Overall, radio use increases substantially as educational attainment rises, with weekly listenership peaking at 39 percent among those with a post-secondary education. For a more information radio use among specific demographic groups see our Demographic Analysis Tabs.
How and Where People Listen
A majority of weekly radio listeners (63 percent) reported listening in their homes. Interestingly, less than 1 percent of respondents said they listen to the radio in a communal setting. As Chart 5 illustrates, female radio listeners are much more likely to listen at home than men. This is likely the result of Pakistan’s social norms, in which women venture out into public less often.
Young adults are most likely to listen to the radio on a mobile phone, with about 37 percent of young adult listeners saying they do so. A large majority of these mobile radio listeners reside in either the Sind or Punjab province. In addition, 57 percent of these users are high-income earners and 25 percent are middle-income earners.
Another factor in wavelength use is the government’s control over the licensing specific wavelengths. Media development NGOs in the region claimed that the government limits the issuing of short and medium wave licenses, preferring to grant FM licenses to privately-run stations. Shortwave is the preferred wavelength within mountainous regions and the government is seeking to monopolize this wavelength. With shortwave broadcasting capability, a privately-run station could potentially rival Radio Pakistan in certain regions, specifically in the FATA and the NWFP.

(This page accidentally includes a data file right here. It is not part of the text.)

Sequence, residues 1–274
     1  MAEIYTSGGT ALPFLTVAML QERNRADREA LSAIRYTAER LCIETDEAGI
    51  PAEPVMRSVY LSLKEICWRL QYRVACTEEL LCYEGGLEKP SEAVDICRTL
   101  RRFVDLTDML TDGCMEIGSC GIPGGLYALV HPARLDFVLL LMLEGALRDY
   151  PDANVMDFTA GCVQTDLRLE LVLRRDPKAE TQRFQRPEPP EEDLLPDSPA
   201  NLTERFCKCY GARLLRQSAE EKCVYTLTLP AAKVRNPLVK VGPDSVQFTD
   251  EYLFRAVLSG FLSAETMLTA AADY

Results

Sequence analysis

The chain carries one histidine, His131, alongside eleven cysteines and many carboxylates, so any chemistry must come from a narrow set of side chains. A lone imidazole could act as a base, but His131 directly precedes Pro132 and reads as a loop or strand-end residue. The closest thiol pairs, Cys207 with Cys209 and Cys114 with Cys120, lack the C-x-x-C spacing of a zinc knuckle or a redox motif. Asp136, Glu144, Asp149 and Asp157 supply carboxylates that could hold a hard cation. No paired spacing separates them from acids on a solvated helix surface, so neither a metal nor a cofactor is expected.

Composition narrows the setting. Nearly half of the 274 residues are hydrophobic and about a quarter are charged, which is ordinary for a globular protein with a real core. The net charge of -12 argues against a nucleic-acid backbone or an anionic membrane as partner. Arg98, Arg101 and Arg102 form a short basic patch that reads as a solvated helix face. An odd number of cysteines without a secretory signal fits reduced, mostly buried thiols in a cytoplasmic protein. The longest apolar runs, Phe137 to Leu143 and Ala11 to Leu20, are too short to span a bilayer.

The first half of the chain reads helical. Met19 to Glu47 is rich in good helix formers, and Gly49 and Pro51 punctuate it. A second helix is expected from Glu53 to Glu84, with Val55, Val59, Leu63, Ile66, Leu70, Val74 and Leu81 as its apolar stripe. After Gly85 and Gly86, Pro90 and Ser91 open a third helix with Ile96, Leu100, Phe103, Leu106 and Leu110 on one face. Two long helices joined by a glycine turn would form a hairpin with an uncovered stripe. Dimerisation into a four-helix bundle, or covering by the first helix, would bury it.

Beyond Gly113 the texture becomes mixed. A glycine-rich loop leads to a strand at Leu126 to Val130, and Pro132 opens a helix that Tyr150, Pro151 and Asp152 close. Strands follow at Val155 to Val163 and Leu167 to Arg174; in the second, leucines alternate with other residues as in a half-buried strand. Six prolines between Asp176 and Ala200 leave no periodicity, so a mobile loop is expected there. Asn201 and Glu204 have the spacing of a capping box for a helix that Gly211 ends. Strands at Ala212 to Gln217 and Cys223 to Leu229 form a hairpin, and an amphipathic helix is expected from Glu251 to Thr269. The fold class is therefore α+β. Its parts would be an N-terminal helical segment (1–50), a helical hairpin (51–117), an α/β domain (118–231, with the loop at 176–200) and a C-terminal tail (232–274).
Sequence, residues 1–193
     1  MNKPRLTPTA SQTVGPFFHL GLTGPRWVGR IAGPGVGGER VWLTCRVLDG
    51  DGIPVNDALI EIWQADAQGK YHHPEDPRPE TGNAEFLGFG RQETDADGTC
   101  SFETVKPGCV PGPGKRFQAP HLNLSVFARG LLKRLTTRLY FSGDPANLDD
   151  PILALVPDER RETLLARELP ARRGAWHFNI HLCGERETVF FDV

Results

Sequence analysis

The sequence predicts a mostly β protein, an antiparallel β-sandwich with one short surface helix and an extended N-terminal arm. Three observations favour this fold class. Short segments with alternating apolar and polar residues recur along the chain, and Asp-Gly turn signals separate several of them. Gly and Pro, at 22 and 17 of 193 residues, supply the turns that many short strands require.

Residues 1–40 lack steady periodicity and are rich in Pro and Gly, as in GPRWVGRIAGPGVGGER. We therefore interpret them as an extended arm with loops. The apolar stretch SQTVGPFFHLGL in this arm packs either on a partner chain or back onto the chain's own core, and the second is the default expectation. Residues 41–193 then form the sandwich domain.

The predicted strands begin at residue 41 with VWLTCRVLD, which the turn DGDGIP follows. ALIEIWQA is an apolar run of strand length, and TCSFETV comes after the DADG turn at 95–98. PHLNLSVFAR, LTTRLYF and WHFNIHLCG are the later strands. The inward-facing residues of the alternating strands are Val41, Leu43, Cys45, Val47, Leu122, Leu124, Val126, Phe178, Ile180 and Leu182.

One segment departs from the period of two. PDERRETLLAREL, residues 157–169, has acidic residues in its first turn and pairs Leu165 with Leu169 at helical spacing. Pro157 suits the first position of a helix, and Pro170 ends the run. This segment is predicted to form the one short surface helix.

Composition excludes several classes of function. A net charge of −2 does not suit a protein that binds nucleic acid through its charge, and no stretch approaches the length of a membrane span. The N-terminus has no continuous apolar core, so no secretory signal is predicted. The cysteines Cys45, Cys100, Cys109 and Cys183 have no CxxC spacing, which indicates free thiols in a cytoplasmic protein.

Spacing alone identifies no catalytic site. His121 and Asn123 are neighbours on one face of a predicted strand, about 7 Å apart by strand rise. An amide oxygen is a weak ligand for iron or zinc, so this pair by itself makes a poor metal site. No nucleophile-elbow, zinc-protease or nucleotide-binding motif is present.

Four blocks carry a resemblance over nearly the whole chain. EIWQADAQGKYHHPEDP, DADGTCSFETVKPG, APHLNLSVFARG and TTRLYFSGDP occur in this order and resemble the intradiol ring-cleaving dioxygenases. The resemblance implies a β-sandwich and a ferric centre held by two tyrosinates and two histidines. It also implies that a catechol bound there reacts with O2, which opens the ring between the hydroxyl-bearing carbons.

The Role of Language
A large majority of radio listeners said they understand Urdu, the country’s national language in addition to knowing their mother tongue. Yet development groups may find Urdu problematic as a broadcast medium. Pakistan is a complex multi-ethnic and multilingual state; each province is associated with a certain linguistic group. From its inception in 1947, Pakistan has experienced a number of ethno-national challenges that have highly politicized the use of language.
 Development partners focusing on a particular regional or local population are likely to find that communicating in a native or local language is more effective. For more information regarding the role of language in media and communication consumption in Pakistan see our Language and Regional Diversity article.
 “Media in Pakistan: Between radicalisation and democratisation in an unfolding conflict”. International Media Support. July 2009. Accessed March 2010. http://www.i-m-s.dk/publication/media-pakistan-between-radicalisation-and-democratisation-unfolding-conflict-2009.
 Yusuf, Huma. “Pakistan’s airwaves: On militant turf, Radio Khyber offers a softer voice”. Christian Science Monitor. 13 May 2009. http://www.csmonitor.com/World/Asia-South-Central/2009/0313/p01s01-wosc.html
 Murphy, Oren. “Event: Using Mobile Phones to Boost Radio in Tribal Pakistan.” 11 March 2010. Internews. Washington, DC.
 Mushtaq, Muhammad. “Managing Ethnic Diversity and Federalism in Pakistan”. European Journal of Scientific Research. Vol.33 No.2 (2009), pp.279-294..